Padahastasana – Foot Hand Forward Bend is intermediate pose. It takes several practice to get into the pose. It is one of the best pose out there in yoga that helps to reduce belly and strengthens muscles.
In Sanskrit: Pah-dah-Hast-asana Pada=feet, hasta=hands
Benefits of the pose
- Reduces belly
- Stretches hamstrings, hip muscles and calves
- Strengthens knees and thighs
- Improves digestive organs and kidney function
- Relaxes brain and promotes blood circulation to brain
- Reduces anxiety and stress
- Relieves insomnia
- Good for menopause condition – improves mood
- Relieves headache
- Good for sinusitis, asthma and breathing problems
1. Stand in mountain pose, place hands on hips (feet together or hip width apart). Exhale and slowly hinge forward from the hip joints (not from the waist). As you bend, draw the front torso out of the groins and open the space between the pubis and top sternum. Lengthen the front torso as you move more fully into the position.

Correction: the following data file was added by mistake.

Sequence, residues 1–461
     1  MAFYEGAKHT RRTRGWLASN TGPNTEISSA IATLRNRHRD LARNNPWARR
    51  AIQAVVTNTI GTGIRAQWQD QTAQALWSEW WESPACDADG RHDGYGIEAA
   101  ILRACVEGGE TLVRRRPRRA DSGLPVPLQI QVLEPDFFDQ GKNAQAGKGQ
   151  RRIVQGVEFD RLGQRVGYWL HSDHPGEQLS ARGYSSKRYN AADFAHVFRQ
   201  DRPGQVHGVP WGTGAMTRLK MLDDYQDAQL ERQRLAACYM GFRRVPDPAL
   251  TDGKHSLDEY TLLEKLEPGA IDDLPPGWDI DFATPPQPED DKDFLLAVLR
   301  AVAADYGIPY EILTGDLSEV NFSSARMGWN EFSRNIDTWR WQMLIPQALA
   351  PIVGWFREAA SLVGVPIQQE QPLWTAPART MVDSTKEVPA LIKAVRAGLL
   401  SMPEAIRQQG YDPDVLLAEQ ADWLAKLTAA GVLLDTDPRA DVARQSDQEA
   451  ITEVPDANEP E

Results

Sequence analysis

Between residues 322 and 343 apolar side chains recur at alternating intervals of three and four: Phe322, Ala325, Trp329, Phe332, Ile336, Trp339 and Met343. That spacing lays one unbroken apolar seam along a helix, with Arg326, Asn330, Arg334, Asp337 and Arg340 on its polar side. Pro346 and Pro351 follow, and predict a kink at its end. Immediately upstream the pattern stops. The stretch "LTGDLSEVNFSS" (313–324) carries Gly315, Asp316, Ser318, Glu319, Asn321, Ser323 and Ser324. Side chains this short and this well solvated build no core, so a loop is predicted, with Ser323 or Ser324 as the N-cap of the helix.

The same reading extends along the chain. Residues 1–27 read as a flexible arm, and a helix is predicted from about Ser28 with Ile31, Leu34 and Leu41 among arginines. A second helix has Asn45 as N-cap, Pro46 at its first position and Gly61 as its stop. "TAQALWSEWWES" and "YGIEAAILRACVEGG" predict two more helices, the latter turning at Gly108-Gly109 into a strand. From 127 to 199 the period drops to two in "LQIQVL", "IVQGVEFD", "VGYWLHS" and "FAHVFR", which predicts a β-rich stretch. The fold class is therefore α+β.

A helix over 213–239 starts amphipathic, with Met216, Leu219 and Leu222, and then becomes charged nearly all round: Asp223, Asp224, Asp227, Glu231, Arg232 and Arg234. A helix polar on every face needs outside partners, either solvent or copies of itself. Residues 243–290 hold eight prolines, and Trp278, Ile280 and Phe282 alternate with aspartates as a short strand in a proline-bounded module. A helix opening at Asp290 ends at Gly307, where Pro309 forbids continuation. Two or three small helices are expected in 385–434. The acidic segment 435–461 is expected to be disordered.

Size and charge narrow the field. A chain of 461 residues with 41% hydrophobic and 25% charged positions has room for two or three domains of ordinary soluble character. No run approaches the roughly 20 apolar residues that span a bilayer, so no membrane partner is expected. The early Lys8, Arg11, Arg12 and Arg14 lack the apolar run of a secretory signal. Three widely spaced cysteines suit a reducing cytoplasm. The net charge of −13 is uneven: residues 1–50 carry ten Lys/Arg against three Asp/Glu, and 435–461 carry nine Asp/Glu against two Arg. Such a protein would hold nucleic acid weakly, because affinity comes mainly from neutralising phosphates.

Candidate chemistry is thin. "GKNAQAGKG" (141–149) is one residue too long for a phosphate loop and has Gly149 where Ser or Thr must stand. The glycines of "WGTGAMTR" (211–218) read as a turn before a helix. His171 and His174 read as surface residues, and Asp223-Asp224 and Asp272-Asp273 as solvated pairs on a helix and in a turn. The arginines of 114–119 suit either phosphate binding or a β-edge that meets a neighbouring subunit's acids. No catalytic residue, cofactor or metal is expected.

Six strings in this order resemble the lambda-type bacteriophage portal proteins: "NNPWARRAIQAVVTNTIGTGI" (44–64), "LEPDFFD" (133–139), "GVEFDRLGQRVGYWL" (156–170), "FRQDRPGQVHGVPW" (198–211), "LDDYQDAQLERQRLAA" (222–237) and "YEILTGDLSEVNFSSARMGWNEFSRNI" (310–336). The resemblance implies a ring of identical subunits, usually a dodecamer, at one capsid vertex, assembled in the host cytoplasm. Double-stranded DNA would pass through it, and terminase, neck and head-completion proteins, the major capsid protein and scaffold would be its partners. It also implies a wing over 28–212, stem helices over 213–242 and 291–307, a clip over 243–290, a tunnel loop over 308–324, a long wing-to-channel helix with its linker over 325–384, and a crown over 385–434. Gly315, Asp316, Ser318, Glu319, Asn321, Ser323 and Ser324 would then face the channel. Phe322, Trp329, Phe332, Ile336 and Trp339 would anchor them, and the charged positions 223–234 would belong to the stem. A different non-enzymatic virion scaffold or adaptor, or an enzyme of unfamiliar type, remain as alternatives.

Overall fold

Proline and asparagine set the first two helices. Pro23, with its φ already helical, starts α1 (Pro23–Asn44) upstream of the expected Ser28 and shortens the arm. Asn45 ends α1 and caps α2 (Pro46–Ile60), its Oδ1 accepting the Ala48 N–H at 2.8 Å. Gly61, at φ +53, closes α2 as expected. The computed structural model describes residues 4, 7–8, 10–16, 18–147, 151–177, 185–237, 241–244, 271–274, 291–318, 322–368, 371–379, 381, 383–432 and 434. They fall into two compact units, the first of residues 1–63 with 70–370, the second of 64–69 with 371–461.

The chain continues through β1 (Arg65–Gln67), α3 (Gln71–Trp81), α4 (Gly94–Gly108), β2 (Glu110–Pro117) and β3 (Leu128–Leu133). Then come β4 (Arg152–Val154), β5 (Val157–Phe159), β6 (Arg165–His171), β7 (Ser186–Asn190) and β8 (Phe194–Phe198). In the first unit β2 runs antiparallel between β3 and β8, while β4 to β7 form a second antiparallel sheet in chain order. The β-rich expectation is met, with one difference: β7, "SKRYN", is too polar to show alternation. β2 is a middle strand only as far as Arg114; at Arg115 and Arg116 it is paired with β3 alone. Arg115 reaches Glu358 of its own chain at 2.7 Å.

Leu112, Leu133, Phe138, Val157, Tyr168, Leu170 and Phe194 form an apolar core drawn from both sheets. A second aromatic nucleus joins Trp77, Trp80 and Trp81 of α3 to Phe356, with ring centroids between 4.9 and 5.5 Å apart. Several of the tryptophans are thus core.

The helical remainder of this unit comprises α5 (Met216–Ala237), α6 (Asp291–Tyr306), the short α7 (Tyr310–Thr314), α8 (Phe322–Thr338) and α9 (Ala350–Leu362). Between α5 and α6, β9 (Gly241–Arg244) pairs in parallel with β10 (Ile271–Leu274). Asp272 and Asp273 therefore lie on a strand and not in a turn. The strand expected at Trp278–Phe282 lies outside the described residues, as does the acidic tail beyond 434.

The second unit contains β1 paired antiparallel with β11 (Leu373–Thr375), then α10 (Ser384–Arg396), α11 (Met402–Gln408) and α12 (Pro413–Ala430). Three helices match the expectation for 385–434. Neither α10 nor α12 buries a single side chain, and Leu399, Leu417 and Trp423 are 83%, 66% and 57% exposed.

2. Bend your knees and place the hands under the feet (palms facing up), bringing the toes to meet the wrists.
3. Pull the navel into the spine and with an inhalation, straighten your arms and lift your front torso away from your thighs, creating a gentle concave in the back (Sit bones and heart lift). Hold for a few breaths, exhale and lengthen down bending your elbows out to the sides, framing the head. Lift the shoulders away from the neck and draw the shoulder blades down the back. Keep the weight evenly distributed through the feet and lift the sitting bones toward the ceiling. Turn the top thighs slightly inward.
4. With each inhalation in the pose, lift and lengthen the front torso just slightly; with each exhalation, release a little more fully into the forward bend. In this way the torso oscillates almost imperceptibly with the breath. Let your head hang from the root of the neck, which is deep in the upper back, between the shoulder blades. Stay in the position for 20 seconds.
5. To come out of the pose, release the hands. Bring the hands to the hips and inhale, come up with a neutral back.
- Legs should be perpendicular (90°) to the floor. Do not lean back and load weight on ankle.
- Beginner: Bend knees to get into the pose. If not you might hurt your back and shoulder.
- Slight bend backwards in standing pose
- Child pose
Reference: Karnataka therapist handbook
Author: Sumana Rao | Posted on: April 3, 2020